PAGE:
What if economics doesn’t work?
Forgive another briefing on interest rates. However, as part of our offering as your eyes and ears on the FX market, it’s important we bring you coverage on those topics dominating market discourse. Unfortunately, those not too fond of monetary policy and economics might find the market’s latest fixation on interest rates somewhat tiresome. At least it’s not Brexit every day, eh? I want to talk about a different side of the interest rate discourse taking place in the market. So often due to monetary policy’s centricity to the inflation and wider economic debate, adjustments to interest rates are taken as an axiom: that inexcusable and unavoidable antidote to inflation. But.. what if it isn’t?
As we wrote yesterday, the market is divided on what the Bank of England could, should, might, would, or will do this week. There’s greater reason for that than a variety of diagnoses of the UK economy. As we exposed yesterday, much of the pricing and expectations for this week’s publication revolve around how former raises in rates at the central bank level are feeding back into the real economy. At best, economic theory isn’t working as it ought to in this post pandemic environment. At worst, it’s being obstructed by consumer and business access to markets.
There are two possible outcomes to monetary policy adjustment: to make money more expensive, or to make money cheaper. When money gets more expensive think of higher borrowing costs and higher savings rates. Being opposites, a higher opportunity cost to not saving brings down demand in the economy by dragging money out of the system and into longer term deposits. Higher borrowing costs have the same effect to net debtors: reduce consumer appetite for borrowing and unnecessary consumption and investment. However, the problem with centralised monetary policy could be that we do not directly borrow or lend to the rate setting body, the BoE.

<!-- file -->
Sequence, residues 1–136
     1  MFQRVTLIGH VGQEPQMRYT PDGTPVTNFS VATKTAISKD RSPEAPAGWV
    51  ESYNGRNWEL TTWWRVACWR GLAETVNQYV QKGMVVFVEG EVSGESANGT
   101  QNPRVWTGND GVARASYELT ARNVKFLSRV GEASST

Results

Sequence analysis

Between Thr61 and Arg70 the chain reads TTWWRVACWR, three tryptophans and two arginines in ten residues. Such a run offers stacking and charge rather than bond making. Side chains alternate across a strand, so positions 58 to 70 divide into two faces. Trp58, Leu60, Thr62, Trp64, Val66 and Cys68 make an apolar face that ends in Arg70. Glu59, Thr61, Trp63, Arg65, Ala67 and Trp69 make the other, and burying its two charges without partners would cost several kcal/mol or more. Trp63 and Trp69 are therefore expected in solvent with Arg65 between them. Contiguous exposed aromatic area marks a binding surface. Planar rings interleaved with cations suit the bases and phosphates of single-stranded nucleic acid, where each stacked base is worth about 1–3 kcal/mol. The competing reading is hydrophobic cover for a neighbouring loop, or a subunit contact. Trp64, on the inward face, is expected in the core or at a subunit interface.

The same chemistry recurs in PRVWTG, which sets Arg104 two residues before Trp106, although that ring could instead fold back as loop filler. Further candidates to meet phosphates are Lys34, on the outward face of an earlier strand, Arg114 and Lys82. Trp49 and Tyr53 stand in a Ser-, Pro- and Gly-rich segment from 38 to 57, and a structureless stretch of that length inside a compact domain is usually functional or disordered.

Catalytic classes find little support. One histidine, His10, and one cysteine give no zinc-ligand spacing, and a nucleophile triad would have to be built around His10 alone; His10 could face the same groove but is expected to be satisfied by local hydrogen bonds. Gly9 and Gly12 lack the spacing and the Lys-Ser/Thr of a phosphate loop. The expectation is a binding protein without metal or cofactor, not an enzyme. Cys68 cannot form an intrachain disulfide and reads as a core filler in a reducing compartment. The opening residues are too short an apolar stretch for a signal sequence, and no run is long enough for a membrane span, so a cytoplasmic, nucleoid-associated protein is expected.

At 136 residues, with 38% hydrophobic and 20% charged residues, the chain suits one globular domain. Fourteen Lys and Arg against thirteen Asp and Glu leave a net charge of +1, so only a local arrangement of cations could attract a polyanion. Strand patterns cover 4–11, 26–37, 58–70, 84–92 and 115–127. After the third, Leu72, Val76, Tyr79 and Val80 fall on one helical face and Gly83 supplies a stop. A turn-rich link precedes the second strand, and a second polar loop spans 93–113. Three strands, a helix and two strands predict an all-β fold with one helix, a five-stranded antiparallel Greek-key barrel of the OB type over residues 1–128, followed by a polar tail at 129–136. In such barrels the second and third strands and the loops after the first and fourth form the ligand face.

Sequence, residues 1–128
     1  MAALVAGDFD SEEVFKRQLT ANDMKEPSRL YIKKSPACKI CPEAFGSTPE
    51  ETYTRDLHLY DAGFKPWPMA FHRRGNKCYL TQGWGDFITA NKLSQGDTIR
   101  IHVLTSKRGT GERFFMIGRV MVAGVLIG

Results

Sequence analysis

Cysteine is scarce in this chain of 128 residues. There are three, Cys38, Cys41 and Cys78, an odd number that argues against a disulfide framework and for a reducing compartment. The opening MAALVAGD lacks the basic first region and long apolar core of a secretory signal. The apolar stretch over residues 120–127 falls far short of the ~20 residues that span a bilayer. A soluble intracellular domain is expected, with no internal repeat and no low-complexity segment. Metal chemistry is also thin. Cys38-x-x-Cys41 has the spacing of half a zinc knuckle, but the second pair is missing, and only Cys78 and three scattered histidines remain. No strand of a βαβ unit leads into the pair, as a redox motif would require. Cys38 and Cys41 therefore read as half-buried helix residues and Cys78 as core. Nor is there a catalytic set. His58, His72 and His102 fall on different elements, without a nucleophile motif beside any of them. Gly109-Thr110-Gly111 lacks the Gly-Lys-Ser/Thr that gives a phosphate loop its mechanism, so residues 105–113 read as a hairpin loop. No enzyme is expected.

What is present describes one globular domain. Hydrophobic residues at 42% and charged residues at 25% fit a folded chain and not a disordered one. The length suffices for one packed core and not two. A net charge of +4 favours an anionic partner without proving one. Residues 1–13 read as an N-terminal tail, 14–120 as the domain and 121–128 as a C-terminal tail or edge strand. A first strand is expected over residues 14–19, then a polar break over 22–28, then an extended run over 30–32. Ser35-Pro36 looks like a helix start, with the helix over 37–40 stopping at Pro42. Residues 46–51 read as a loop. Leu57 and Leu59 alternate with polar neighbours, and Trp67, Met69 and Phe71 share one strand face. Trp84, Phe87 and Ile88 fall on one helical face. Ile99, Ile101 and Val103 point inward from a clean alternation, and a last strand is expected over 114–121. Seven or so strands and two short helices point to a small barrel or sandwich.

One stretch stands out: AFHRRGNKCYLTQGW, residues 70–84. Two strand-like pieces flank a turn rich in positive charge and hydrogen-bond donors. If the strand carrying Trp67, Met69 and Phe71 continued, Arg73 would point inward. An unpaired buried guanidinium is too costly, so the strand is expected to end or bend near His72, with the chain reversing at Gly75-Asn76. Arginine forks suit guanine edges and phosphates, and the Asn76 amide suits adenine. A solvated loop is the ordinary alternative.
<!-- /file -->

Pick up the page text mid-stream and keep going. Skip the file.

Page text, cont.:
In a recent publication the FCA announced that just 28% of rate increases at the central bank in the UK have been passed onto savers via interest rates in deposits held. Those most parsimonious banks will have until August to justify why they have not passed on central bank savings to consumers. However, this is likely too little too late. If retail banks are standing between central bank adjustments and consumers who underly the economy, then the path ahead for the BoE’s hiking cycle could be more tumultuous and elongated. To truly appreciate the path GBP and UK rates might take we must also account for the limitations of the BoE to reach the underlying economy within the present financial infrastructure.
Discussion and Analysis by Charles Porter
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